by Catherine Haill, V & A
An evening at the theatre was more exciting in the 19th and early 20th centuries than we can possibly imagine. Audiences marvelled at scenic cloths, dissolving views, panoramas and dioramas showing places they lived as much as places they would never visit. There was no cinema or television. Theatre meant escapism, and even when film first appeared in the 1890s, it was screened in variety theatres as an item in a programme of live entertainment.
Patrons of the East End theatres during the 19th century were mostly locals who lived within walking distance. Huge numbers of foreigners settled in the East End during the 19th century, but once settled, few moved away. Even with the advent of the railways from the 1830s onwards, few East Enders travelled far. They lived and died in the area, and liked plays with familiar settings, just as we like seeing local areas on screen today. With their public in mind, playwrights frequently included local scenes in plays written for East End theatres, or based plays on real local events, or stories about the area, such as T. Blake's The Man of Mile End, or the Beauty of Bethnal Green, produced at the Pavilion in April 1844.
The East End landscape was constantly changing in the 19th and early 20th centuries. Slum clearance made way for new roads, and whole areas were demolished for railway and dock construction. The river and docks were major local features, and an important source of employment. Whitechapel's New Royal Pavilion Theatre opened in April 1827, but a preliminary charity performance on 26th February included The Genii of the Thames; or, Harlequin and the Coat and Badge, a pantomime with a river setting, a river contest and characters including Father Thames. The title's `coat and badge' was the Waterman's red coat and silver badge awarded to the winner of the annual rowing race from London Bridge to Chelsea, started in 1715 by the actor-manager Thomas Doggett. Like all pantomimes, its Harlequinade would have featured many local scenes, although it was not yet common practice to list them on the playbill.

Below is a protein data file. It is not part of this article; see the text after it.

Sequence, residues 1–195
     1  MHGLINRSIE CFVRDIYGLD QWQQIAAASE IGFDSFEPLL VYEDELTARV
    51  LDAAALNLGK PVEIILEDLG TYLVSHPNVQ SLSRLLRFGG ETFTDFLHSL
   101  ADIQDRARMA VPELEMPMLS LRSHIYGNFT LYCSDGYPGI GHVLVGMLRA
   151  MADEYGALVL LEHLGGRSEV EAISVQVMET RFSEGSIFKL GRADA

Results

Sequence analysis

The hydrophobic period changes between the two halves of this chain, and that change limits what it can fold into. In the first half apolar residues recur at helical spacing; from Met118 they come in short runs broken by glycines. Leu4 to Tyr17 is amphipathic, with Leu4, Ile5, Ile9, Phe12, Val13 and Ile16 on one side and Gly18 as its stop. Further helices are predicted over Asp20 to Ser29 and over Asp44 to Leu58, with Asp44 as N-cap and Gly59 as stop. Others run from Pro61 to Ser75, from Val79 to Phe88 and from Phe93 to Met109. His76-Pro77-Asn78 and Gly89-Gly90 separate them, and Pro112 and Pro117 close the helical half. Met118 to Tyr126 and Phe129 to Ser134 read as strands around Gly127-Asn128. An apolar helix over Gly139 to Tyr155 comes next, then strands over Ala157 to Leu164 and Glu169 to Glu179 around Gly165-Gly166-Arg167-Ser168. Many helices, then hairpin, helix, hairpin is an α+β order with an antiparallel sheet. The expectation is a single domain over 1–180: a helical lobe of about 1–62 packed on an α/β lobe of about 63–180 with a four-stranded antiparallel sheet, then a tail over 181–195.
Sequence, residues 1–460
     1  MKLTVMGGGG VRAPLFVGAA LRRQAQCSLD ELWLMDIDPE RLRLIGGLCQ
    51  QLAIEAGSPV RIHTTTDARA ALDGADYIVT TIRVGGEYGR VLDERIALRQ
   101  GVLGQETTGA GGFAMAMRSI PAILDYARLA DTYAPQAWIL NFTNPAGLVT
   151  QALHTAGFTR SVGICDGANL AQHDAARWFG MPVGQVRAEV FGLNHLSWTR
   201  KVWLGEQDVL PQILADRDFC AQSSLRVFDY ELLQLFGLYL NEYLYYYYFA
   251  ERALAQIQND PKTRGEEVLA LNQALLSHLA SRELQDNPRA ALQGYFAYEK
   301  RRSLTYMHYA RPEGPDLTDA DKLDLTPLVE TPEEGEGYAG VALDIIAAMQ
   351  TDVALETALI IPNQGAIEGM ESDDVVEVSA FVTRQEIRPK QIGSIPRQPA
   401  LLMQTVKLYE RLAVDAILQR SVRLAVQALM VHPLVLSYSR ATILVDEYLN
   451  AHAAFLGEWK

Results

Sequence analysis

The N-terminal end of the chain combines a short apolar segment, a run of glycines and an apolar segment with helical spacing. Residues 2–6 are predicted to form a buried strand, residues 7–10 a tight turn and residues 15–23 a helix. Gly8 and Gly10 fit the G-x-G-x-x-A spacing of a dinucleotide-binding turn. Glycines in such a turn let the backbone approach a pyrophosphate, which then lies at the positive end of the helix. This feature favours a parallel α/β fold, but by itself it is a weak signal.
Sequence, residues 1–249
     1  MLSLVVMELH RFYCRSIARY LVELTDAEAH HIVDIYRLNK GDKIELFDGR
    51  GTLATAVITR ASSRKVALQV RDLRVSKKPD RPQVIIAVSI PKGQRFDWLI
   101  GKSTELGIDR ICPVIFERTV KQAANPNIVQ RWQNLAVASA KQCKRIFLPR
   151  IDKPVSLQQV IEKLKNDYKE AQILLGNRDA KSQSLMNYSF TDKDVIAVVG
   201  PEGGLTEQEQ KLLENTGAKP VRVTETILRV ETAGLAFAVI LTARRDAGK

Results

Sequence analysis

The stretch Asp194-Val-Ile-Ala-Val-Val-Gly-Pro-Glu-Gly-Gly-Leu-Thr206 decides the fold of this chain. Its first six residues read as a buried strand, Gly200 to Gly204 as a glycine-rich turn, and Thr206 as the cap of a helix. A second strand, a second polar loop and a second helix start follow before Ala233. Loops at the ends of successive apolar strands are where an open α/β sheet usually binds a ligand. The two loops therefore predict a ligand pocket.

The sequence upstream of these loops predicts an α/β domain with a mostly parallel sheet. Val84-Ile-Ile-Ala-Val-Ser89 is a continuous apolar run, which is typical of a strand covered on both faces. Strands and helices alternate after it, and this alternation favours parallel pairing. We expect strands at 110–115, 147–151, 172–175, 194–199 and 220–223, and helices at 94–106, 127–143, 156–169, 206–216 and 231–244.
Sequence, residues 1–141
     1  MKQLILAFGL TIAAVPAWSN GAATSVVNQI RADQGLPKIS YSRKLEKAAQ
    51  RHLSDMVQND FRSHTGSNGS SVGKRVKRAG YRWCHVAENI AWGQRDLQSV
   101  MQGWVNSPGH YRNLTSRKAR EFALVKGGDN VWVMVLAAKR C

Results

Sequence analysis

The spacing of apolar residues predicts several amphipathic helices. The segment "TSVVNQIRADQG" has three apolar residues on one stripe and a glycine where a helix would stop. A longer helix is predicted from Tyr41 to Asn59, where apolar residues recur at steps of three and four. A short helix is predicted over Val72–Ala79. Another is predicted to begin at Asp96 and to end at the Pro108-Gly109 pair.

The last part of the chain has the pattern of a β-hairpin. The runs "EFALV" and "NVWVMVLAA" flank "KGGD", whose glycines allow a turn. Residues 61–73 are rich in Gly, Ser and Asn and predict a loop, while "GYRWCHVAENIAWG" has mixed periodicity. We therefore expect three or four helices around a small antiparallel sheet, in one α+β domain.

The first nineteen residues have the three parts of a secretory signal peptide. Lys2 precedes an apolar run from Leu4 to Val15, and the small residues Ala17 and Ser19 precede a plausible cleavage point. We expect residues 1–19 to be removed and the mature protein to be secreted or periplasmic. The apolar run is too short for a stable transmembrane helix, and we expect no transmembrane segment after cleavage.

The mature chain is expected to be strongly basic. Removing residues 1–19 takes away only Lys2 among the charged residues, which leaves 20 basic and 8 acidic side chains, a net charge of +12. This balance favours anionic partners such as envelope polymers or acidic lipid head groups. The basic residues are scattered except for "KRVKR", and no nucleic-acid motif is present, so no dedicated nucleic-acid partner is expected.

19th century audiences came to the theatre to participate; to be transported to the gas-lit world beyond the footlights - to boo the villain, and cheer the heroine escaping his clutches. Improvements in lighting and scenic effects during the 19th century increased the realism of the settings, and patrons could believe even more earnestly in the action. In line with West End practice, managers of the larger East End theatres invested more resources in scenery as the century progressed, and by 1855 when several scenic artists were often needed for one play, the Pavilion's scenic artists included Messrs Leitch, Rogers and Greiner (sometime billed Grainer), plus assistants. The playbill for The Ratcatcher's Daughter, 28 May 1855 trumpets the locations of the scenes in decorative typeface, noting Mr. W. Leitch and Mr. A. Greiner by name, and advertising `New Local and Extensive Scenery, embracing well-known Views in Whitechapel, Butcher Row, Aldgate, Ratcliff Highway and Billingsgate'. The playbill for the Pavilion 1st September 1855, notes that a new dramatisation of Dickens' Oliver Twist would feature `Twelve New Scenes!', while the playbill for its opening night, 17th September, records twenty-three scenes by Messrs Leitch and Grainer (sic), some obviously resulting in impressive painted backdrops such as the scene set on the Southwark side of London Bridge, complete with a view `of the Tower of London, and the Shipping in the Pool'.
More images on this theme
Search TermsSubject Terms: Thames River (England),Whitechapel (London, England),Billingsgate (London, England),Stepney (London, England),Spitalfields (London, England),
Keyword Terms: Any places in the locality - e.g. Mile End,Tower Hamlets,Bethnal Green,East Ham,
East London Theatre Archive